Understanding Go routines & concurremcy with examples

goroutine is lightweight execution thread running in background. goroutine is a key ingredient to achieve concurrency in go.

It is very common for a go application to have thousands of goroutines running concurrently. Concurrency can speed up application significantly as well as help us write code with separation of concerns (SoC).

☛ What is a goroutine?

We understood in theory that how goroutine works, but in code, what is it? Well, a goroutine is simply a function or method that is running in background concurrently with other goroutines. It’s not a function or method definition that determine if it is a goroutine, it is determined by how we call it.

go provides a special keyword go to create a goroutine. When we call a function or a method with go prefix, that function or method executes in a goroutine. Let’s see a simple example.

In above program, we created a function printHello which prints Hello World! to the console. In main function, we called printHello() like normal function call and we got desired result.

Now let’s create goroutine from the same printHello function.

Well, as per goroutine syntax, we prefixed function call with go keyword and program executed well. It yielded following result
main execution started main execution stopped

It is a bit strange that Hello World did not get printed. So what happened?
goroutines always runs in the background. When a goroutine is executed, here go printHello(), go does not block the program execution unlike normal function call as we seen in previous example. Instead, the control is returned immediately to the next line of code and any returned value from goroutine is ignored. But even then, why we can’t see the function output?

By default, every go standalone application creates one goroutine. This is known as the main goroutine that the main function operates on. In above case, main goroutine spawns another goroutine of printHello function, let’s call it printHello goroutine. Hence when we execute above program, there are two goroutines running concurrently. As we saw in earlier program, goroutines are schedules cooperatively. Hence when main goroutine starts executing, go scheduler dot not pass control to the printHello goroutine until main goroutine does not executes completely. Unfortunately, when main goroutine is done with execution, program terminates immediately and scheduler does not get time to schedule printHello goroutine. But as we know from other lesson, using blocking condition, we can pass control to other goroutines manually AKA telling scheduler to schedule other available gorutines. Let’s use time.Sleep() call to do it.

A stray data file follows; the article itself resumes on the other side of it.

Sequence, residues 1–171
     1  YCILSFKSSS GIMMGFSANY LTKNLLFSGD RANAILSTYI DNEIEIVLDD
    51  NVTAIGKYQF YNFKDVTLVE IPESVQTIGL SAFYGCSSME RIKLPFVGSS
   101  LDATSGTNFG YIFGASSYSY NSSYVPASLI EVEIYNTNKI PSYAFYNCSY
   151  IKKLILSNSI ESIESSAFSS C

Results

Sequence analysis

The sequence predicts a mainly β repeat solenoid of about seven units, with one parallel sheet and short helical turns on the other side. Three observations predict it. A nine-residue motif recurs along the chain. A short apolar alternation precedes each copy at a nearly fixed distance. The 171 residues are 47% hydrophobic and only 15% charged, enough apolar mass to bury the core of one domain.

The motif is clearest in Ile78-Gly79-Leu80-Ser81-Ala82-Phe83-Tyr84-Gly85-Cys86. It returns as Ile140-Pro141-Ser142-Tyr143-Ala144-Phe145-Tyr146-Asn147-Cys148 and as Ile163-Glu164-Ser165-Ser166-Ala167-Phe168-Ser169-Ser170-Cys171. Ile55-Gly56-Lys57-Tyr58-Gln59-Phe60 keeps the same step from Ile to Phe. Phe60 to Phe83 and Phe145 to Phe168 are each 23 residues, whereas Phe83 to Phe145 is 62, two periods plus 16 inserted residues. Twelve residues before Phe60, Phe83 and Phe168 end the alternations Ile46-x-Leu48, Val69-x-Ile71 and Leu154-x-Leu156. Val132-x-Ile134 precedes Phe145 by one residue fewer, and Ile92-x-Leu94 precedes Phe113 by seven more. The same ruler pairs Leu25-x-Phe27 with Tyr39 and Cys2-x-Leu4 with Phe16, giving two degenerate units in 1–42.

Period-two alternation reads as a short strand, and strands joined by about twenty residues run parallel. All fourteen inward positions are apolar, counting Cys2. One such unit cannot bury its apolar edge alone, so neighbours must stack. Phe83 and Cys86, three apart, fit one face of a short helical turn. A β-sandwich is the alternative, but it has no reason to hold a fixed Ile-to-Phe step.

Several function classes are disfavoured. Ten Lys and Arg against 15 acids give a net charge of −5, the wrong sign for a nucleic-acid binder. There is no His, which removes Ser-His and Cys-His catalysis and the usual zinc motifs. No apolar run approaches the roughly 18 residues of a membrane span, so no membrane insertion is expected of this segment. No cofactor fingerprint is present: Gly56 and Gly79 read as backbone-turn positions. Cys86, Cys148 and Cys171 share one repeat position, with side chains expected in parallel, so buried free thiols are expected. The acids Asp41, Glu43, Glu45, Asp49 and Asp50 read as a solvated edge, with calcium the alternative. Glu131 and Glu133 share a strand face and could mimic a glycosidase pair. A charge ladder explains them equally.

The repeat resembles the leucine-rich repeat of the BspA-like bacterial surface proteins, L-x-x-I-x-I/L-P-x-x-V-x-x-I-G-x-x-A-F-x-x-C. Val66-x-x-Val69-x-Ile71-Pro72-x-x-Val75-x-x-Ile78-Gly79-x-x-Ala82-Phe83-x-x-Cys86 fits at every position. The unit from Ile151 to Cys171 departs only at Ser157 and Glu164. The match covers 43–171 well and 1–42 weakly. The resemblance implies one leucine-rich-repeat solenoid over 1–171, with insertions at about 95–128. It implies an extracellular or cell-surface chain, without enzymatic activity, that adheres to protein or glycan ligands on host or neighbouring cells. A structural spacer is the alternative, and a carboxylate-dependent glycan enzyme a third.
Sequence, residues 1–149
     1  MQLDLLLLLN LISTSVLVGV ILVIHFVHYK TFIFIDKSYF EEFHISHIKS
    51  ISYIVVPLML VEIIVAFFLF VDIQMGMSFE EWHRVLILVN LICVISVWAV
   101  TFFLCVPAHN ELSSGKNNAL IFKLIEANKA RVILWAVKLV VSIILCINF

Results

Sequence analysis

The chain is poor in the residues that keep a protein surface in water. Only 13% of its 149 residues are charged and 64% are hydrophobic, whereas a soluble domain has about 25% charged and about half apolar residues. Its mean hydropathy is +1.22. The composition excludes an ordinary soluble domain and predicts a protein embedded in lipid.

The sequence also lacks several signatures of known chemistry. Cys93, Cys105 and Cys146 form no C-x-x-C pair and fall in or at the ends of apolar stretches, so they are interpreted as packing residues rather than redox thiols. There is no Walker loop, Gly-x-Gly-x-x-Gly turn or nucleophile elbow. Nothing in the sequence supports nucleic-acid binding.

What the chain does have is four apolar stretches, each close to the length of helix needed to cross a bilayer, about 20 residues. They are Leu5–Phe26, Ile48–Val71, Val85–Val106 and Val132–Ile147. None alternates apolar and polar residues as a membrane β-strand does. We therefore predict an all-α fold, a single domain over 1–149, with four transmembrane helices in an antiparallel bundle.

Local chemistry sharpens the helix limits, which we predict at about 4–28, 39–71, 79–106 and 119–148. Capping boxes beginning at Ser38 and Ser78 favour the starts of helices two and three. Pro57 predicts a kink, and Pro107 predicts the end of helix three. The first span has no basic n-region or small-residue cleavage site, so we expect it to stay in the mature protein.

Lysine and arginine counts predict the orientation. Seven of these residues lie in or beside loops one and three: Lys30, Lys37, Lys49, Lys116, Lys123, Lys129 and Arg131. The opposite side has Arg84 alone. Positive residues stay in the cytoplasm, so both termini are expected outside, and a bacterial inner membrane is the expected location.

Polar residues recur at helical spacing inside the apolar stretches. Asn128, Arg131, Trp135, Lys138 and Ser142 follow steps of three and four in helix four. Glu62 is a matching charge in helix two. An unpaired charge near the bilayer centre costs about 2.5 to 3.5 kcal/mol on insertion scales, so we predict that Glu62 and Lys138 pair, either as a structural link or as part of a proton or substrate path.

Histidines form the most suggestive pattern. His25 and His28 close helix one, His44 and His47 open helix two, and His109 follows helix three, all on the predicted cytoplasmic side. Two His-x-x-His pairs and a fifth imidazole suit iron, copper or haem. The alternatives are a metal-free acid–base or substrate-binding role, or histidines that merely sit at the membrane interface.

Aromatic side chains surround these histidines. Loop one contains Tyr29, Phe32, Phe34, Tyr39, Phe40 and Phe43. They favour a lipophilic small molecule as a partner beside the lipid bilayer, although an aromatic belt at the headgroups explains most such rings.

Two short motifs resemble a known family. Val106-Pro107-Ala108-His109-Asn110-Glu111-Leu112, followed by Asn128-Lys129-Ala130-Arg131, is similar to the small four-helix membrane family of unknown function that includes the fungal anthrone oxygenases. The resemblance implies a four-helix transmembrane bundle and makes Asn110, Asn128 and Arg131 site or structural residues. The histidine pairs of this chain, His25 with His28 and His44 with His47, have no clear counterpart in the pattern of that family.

We have modified program in such a way that before main goroutine pass control to the last line of code, we pass control to printHello goroutine using time.Sleep(10 * time.Millisecond) call. In this case, main goroutine sleeps for 10 milli-seconds and won’t be scheduled again for another 10 milli-seconds. Once printHello goroutine executes, it prints ‘Hello World!’ to the console and terminates, then main goroutine is schedules again (after 10 milli-seconds) to execute last line of code where stack pointer is. Hence above program yields following result
main execution started Hello World! main execution stopped

If we add a sleep call inside the function which will tell goroutine to schedule another available goroutine, in this case main goroutine. But from last lesson, we learned that only non-sleeping goroutines are considered for scheduling, main won’t be scheduled again for 10 milli-seconds while it’s sleeping. Hence main goroutine will print ‘main execution started’, spawning printHellogoroutine but still actively running, then sleeping for 10 milli-seconds and passing control to printHello goroutine. printHello goroutine the will sleep for 1 milli-second telling scheduler to schedule another goroutine but since there isn’t any available, waking up after 1 milli-second and printing ‘Hello World!’ and then dying. Then main goroutine will wake up after few milli-seconds, printing ‘main execution stopped’ and exiting the program.